Oakwood University in Huntsville, Alabama, was devastated by the tragic murder of a beloved, passionate, loving, and compassionate student named Carvell Goodlow early in the fall semester of 2018. Students who knew Carvell were paralyzed with grief when the news reached them. Oakwood’s Office of Spiritual Life and Missions organized a midday prayer vigil, evening prayer service, and memorial service to honor the life of this phenomenal young man. Carvell did not come to Oakwood as a Seventh-day Adventist, but he was on fire for the Lord. His passion and zeal for God made a tremendous impact on the student body. More than half of the student population showed up to honor his legacy of love and faith. God used this tragedy to awaken many students from their slumber.
José Rojas, pastor and president at MOVEmentum, LLC, had been invited to be the speaker for “Power Packed Weekend,” an annual mini revival that takes place in the fall. Moved with compassion borne from enduring the loss of his brother to homicide, Rojas delivered four powerful sermons that reached the hearts of all who listened. Just a few weeks after Rojas’ departure, God would do something great through another of His manservants, reminiscent of 1 Corinthians 3:6 where one worker planted and another watered, but the harvest belongs to God!
OU Live 2018, an annual recruitment event for high school students throughout the North American Division, was held October 3-7. God was recruiting souls for His Kingdom as well as students for Oakwood University. Keynote speaker Myron Edmonds, D.Min., lead pastor of Grace Community Church in Cleveland, Ohio, delivered two powerful sermons. His second one, at AYM: Release, Oakwood’s Friday Vesper service, drew campus family and a large crowd online.
Edmonds preached from Luke 22, following the journey of Peter during Jesus’ trial and crucifixion. He explained how Peter genuinely believed in his heart that he was good, and would never deny Jesus or leave him, yet found himself trying to get as far away from association with Jesus as possible. Edmonds then paralleled that story with the story of Peter in Acts 2, where he preached a sermon resulting in the baptism of 3,000 men, plus women and children, right on the spot.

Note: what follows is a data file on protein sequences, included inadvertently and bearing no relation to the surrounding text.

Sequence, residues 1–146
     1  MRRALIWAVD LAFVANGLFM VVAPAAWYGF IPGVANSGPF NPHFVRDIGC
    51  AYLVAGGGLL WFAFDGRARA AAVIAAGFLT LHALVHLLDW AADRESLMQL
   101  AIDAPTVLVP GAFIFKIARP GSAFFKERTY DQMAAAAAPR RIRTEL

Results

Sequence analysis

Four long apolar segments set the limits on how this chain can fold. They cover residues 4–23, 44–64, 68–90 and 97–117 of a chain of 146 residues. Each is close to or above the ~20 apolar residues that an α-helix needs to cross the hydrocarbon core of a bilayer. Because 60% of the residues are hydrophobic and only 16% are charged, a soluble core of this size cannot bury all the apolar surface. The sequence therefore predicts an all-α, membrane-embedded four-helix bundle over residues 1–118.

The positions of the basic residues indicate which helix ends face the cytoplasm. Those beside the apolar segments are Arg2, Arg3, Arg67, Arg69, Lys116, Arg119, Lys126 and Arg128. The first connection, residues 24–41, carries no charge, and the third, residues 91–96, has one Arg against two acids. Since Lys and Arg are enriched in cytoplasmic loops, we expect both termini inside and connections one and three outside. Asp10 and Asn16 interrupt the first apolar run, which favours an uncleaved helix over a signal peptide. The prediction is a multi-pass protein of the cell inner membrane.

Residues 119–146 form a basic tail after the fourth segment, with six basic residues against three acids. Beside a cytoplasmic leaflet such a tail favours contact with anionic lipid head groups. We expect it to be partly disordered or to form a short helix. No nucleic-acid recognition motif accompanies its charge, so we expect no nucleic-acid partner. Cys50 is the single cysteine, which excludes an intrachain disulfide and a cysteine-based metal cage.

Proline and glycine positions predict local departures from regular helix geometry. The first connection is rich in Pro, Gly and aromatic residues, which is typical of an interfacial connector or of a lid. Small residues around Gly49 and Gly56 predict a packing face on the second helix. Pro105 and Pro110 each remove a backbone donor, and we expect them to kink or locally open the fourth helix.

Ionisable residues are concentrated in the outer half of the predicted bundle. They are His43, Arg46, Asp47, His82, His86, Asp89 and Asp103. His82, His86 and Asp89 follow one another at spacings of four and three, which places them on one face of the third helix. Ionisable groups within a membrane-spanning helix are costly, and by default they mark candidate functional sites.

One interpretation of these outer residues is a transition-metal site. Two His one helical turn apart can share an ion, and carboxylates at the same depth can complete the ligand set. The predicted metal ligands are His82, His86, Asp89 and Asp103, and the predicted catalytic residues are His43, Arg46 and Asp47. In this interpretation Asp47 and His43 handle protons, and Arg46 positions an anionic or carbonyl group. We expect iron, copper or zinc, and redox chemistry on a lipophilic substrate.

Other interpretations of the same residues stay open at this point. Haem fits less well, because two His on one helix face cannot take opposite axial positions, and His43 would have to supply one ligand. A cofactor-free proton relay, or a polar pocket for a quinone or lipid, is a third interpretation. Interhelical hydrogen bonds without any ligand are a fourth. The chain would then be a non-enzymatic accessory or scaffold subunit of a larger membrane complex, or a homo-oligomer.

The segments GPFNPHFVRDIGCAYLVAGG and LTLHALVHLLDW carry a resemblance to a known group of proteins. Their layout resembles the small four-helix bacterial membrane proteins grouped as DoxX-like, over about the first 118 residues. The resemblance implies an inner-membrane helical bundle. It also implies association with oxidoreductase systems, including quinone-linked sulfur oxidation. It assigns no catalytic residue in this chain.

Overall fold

Edmonds challenged the students to get out of an environment created to simulate a spiritual experience for the entertainment of others, and called them to conviction and repentance. He tugged at the students’ inner struggles, proclaiming that God has a plan, even with their fall in mind. He also acknowledged that the death of a loved one or friend often moves us to want the Holy Spirit in our lives, because we don’t know what tomorrow holds.
As the sermon continued, the young people began to see themselves reflected in the story of Peter and recognized a deep need for the Holy Spirit to provide deliverance, restoration, and wholeness. This led to an explosion of repentance and reconnection with Christ that was healing for the entire campus.
Edmonds made an appeal and the Holy Spirit led 105 students to make decisions to be baptized or rebaptized. The Office of Spiritual Life and Oakwood University pastoral staff quickly organized a baptism for the next morning. Ninety-six students showed up for baptism Sabbath, October 6. They met with Andrew Pileggi, senior chaplain; received a mini-Bible study; and talked about their new life in Christ.
First Church in Huntsville gladly sent over additional baptismal robes so that every student who wished to was able to be baptised. Pileggi was assisted in the pool by Kimberly Mann, associate chaplain; Tina Carriger, pastor; and Colwick Wilson, Ph.D., provost and senior vice president of Oakwood University, and ordained minister. Carlton Byrd, D.Min., led the baptism from the rostrum, and concluded with an appeal. At the last moment, a student made a decision and was baptized just before the service ended.
is the senior chaplain in the Family Life Center at the Oakwood University Church in Huntsville, Alabama, and Kimberly Mann is the associate chaplain.
Oakwood University | February 2019
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